The parity conditions are equilibrium conditions that
establish linkage between financial prices in the absence
In economics, the fisher effects (sometimes called the Fisher effect) is the proposition by Irving
Fisher that the real interest rate is independent of monetary measures, specifically
the nominal interest rate and the expected inflation rate. The term "nominal interest rate" refers to
the actual interest rate giving the amount by which a number of dollars or other unit of currency
owed by a borrower to a lender grows over time; the term "real interest rate" refers to the amount by
which the purchasing power of those dollars grows over time—that is, the real interest rate is the
nominal interest rate adjusted for the effect of inflation on the purchasing power of the loan
The relation between the nominal and real rates is given by the Fisher equation, which is
This states that the real interest rate ( ) equals the nominal interest rate ( ) minus the
expected inflation rate ( ). Here all the rates are continuously compounded. For rates based
on simple interest, the Fisher equation takes the form
where is the simple nominal interest rate and is the simple real interest rate; this
equation is well approximated by using the simple rates in the previous equation provided all
three percentage rates are relatively small.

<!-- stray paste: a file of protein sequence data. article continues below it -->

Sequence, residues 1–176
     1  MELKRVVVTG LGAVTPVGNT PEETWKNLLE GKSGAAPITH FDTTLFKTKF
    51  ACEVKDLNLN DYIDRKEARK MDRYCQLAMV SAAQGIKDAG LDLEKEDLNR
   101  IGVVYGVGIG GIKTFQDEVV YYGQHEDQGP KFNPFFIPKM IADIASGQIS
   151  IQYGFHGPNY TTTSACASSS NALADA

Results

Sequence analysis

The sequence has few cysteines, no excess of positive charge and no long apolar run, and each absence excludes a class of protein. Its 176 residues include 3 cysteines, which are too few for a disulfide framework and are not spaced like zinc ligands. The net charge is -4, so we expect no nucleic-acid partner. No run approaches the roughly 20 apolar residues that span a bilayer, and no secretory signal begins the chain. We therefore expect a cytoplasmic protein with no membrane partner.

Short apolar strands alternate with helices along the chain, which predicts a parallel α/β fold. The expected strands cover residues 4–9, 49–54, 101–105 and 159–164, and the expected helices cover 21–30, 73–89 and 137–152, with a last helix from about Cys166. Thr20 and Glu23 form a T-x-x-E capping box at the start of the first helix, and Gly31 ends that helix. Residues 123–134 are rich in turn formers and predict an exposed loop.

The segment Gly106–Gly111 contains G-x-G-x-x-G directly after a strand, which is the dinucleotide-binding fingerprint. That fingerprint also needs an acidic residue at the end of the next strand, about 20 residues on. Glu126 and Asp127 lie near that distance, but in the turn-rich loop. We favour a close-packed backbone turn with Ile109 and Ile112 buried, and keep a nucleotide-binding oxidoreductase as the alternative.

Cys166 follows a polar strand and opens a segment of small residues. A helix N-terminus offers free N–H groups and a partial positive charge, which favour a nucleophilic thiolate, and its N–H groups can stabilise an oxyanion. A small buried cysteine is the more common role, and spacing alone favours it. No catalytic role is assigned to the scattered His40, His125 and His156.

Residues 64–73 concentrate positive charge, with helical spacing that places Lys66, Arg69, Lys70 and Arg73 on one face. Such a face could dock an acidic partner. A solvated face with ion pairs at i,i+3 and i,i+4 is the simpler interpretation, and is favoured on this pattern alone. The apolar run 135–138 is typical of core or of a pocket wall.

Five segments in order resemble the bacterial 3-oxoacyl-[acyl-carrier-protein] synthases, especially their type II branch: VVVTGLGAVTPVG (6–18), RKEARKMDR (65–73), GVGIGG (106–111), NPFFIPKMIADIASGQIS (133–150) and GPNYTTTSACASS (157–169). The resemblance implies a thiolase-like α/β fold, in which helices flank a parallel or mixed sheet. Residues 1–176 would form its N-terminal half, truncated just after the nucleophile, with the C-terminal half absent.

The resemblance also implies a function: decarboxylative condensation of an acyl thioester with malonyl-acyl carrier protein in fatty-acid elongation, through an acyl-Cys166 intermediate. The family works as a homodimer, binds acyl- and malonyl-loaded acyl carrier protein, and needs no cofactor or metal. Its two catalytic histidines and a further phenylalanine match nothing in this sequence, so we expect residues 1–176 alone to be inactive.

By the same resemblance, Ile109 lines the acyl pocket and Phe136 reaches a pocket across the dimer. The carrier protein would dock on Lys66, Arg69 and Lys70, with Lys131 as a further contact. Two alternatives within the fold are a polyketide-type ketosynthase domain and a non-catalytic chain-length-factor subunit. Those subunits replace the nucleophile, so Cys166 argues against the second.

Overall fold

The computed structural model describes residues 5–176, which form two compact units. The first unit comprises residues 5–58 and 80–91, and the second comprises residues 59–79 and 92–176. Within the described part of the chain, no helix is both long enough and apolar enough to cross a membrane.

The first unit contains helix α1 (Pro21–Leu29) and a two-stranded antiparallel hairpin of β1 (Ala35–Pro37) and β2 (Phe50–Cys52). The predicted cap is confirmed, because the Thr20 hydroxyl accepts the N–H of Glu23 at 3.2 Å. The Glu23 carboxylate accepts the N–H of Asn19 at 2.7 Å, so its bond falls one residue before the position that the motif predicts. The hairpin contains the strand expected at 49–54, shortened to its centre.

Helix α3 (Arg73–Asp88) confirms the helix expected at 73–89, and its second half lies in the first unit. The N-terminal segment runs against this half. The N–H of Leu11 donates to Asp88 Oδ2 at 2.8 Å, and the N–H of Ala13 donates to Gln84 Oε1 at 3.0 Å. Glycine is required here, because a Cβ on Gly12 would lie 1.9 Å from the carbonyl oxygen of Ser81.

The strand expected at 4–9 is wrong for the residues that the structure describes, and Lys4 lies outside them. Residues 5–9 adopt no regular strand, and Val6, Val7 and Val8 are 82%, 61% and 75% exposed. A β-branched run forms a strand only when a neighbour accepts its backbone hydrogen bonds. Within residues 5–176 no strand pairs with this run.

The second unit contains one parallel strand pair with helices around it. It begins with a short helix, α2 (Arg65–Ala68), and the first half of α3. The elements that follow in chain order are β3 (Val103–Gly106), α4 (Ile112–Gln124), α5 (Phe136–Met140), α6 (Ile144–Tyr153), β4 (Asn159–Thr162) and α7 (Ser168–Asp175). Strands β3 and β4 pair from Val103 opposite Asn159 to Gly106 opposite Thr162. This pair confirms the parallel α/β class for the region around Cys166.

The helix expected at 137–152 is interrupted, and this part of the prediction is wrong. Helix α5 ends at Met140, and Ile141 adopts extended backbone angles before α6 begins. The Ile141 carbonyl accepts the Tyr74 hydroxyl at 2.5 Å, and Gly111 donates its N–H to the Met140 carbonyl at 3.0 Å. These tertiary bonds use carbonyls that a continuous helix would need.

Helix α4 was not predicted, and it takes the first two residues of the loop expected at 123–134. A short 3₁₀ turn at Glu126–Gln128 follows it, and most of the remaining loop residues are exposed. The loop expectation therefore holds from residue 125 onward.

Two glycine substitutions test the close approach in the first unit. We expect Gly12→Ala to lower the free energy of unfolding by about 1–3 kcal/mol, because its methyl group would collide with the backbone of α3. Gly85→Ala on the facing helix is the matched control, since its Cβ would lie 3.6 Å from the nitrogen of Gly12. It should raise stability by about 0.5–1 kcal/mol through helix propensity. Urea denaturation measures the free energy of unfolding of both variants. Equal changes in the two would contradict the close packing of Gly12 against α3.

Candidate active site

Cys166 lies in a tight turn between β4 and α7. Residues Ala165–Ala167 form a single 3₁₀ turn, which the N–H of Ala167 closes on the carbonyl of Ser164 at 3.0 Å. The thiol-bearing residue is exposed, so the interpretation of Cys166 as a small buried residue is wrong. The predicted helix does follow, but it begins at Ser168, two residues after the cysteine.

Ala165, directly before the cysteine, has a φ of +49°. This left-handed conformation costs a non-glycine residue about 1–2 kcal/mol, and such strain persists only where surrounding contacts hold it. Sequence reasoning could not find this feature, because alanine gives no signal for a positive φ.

If the real rate is assumed, as per the Fisher hypothesis, to be constant, the nominal
rate must change point-for-point when rises or falls. Thus, the Fisher effect states
that there will be a one-for-one adjustment of the nominal interest rate to the expected
inflation rate. The implication of the conjectured constant real rate is that monetary events
such as monetary policy actions will have no effect on the real economy—for example, no
effect on real spending by consumers on consumer durables and by businesses on
machinery and equipment.
Some contrary models assert that, for example, a rise in expected inflation would increase
current real spending contingent on any nominal rate and hence increase income, limiting
the rise in the nominal interest rate that would be necessary to re-equilibrate money demand
with money supply at any time. In this scenario, a rise in expected inflation results in
only a smaller rise in the nominal interest rate and thus a decline in the real interest rate
. It has also been contended that the Fisher hypothesis may break down in times of both
quantitative easing and financial sector recapitalisation. 
1. To describe the size of the foreign exchange market.
2. To list major participants in the foreign exchange market and their functions.
3. To distinguish between the spot and forward markets.
4. To explain how to read foreign-currency quotations as they appear in The Wall Street Journal.
5. To discuss five theories of exchange rate determination and their relationships: purchasing
power parity, Fisher Effect, International Fisher Effect, interest-rate parity, and forward rate as a
predictor of the future spot rate.
6. To explain different types of arbitrage and how to take advantage of covered interest arbitrage
The parity conditions are equilibrium conditions that establish linkage between financial prices in the
absence of arbitrage